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Vermont unveils plan to help towns save on flood-related loan interest payments

A city street in Montpelier, with old brick buildings on each side, with several feet of water covering the road
Peter Hirschfeld
/
Vermont Public
Flooding in Montpelier in July.

State Treasurer Mike Pieciak announced a new program on Tuesday that he says will save flood-hit municipalities millions of dollars in avoided loan interest payments.

It can take more than a year for municipalities to receive reimbursements from FEMA for damage to roads, bridges and public buildings.

Pieciak says that means they have to take out loans to begin those recovery projects.

“And they have bank loans on their books for 8 or 9%. So that’s going to cost their taxpayers money. That’s going to delay their rebuilding efforts and their recovery efforts," Pieciak says.

"It’s going to cost towns millions of dollars in interest alone to recover."
Ted Brady, Vermont League of Cities and Towns

Ted Brady at the Vermont League of Cities and Towns says it’s an expensive proposition right now.

“The lending environment after this flood is a lot different than the lending environment after Irene. It’s going to cost towns millions of dollars in interest alone to recover," Brady says.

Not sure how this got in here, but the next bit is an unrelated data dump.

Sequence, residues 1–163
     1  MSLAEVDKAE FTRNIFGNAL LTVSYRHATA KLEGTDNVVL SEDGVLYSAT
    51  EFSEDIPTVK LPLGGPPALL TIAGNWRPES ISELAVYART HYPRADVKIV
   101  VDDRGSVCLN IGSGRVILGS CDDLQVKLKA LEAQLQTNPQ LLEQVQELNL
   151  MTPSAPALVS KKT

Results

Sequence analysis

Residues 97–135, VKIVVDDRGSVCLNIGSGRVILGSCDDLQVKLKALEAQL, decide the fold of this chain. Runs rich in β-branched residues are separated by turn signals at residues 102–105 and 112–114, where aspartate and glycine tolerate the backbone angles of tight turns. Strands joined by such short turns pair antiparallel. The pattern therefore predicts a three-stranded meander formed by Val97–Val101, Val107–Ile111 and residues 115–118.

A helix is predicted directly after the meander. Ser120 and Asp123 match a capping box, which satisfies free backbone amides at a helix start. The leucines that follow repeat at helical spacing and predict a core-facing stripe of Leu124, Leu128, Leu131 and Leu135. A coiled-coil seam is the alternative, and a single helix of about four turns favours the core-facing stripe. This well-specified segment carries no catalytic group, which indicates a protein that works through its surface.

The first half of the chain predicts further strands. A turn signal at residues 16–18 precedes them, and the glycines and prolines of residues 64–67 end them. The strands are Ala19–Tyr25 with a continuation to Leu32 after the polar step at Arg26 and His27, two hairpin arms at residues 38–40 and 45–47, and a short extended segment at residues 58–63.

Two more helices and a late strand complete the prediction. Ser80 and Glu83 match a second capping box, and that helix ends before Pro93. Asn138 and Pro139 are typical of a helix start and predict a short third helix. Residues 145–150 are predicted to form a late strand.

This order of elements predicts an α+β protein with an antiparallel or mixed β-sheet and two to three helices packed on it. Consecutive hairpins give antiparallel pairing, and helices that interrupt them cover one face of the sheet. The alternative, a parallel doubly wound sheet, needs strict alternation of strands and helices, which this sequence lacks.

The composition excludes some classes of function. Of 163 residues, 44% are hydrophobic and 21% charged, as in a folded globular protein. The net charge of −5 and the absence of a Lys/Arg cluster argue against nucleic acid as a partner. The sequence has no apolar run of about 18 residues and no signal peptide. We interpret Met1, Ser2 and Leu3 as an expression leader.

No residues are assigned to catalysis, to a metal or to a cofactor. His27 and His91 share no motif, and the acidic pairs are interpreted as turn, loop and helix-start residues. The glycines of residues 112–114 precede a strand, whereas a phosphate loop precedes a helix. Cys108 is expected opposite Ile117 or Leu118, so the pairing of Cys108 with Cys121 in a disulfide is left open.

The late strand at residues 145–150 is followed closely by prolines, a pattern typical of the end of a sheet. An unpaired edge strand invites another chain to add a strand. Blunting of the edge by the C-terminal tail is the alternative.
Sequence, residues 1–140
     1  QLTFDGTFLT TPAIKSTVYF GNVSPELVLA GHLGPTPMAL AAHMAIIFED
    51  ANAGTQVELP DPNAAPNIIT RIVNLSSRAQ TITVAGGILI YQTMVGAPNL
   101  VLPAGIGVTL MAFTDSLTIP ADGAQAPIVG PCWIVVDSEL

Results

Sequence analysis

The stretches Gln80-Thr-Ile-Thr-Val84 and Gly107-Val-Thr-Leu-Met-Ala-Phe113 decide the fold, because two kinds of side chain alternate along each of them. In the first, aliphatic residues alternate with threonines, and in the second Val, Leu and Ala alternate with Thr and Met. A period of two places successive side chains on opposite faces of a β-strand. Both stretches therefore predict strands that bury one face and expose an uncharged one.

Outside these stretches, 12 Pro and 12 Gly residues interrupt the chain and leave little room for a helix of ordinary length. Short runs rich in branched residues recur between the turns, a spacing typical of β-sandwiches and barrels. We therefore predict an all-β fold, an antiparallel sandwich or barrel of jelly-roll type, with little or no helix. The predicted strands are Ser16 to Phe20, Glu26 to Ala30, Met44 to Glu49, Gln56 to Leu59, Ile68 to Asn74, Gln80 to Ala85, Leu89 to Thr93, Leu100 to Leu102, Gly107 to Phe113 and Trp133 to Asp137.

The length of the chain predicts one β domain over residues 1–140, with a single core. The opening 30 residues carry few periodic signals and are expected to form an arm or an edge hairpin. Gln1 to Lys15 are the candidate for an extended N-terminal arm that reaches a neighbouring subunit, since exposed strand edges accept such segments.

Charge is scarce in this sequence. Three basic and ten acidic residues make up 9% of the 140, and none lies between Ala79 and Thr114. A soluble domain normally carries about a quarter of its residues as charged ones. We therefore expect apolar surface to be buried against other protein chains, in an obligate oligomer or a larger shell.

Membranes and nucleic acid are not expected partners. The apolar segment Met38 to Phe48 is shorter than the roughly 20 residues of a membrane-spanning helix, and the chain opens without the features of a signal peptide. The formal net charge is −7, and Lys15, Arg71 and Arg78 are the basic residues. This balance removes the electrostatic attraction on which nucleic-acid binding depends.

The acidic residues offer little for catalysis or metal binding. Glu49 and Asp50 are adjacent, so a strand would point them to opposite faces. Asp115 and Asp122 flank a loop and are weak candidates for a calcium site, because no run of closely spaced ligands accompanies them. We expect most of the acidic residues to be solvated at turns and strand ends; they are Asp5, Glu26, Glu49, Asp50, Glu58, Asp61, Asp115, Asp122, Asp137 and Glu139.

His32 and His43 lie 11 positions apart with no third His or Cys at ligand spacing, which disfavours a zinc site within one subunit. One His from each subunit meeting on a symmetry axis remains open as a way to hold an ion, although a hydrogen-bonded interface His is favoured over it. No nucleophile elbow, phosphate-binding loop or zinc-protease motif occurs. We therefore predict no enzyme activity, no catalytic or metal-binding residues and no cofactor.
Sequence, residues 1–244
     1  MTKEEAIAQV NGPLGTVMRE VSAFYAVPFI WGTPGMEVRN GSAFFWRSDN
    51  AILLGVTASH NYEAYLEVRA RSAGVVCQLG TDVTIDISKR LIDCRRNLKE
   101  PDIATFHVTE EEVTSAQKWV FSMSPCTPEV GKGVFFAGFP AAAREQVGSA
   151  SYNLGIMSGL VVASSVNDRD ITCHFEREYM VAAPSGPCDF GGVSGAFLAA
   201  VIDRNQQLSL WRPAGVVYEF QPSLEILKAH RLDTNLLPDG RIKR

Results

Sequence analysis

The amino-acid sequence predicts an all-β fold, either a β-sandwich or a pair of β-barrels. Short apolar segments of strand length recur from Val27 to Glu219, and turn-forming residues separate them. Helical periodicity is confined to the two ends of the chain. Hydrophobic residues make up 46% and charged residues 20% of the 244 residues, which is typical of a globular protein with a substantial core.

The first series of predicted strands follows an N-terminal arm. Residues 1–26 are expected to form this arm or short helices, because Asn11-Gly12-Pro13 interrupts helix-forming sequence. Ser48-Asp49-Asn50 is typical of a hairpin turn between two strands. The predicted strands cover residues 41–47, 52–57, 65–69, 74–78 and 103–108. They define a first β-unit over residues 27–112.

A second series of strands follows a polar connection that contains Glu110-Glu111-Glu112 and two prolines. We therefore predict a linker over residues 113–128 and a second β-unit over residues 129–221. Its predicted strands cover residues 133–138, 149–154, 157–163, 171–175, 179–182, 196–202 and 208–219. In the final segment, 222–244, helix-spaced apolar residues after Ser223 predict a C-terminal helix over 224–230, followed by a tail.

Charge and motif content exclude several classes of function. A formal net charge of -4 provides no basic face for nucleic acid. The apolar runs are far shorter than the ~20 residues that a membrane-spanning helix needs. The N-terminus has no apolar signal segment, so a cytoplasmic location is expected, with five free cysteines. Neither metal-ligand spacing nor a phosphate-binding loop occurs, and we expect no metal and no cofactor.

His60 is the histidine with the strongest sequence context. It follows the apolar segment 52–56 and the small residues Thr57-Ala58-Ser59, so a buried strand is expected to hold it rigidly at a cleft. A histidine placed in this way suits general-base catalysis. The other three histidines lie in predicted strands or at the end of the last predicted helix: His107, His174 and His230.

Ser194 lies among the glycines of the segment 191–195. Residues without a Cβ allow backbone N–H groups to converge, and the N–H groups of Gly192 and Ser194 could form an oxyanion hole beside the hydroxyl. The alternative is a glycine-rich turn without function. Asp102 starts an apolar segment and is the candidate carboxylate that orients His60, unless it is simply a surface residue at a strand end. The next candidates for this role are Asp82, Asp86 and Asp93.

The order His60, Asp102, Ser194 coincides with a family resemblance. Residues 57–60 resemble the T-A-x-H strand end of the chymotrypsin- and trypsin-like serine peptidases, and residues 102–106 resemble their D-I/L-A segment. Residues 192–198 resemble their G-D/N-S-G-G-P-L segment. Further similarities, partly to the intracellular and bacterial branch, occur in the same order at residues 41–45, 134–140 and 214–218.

More form Vermont Public: Driven by a higher calling, HOPE Coalition helps rebuild in Vermont after the flood

Pieciak, and Gov. Phil Scott, announced a plan Tuesday that will use money on hand in the state treasury to underwrite $15 million in low-interest loans to municipalities.

Pieciak says the program will save towns an estimated $3.5 million in avoided interest payments.

Have questions, comments or tips? Send us a message or contact reporter Peter Hirschfeld:

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The Vermont Statehouse is often called the people’s house. I am your eyes and ears there. I keep a close eye on how legislation could affect your life; I also regularly speak to the people who write that legislation.
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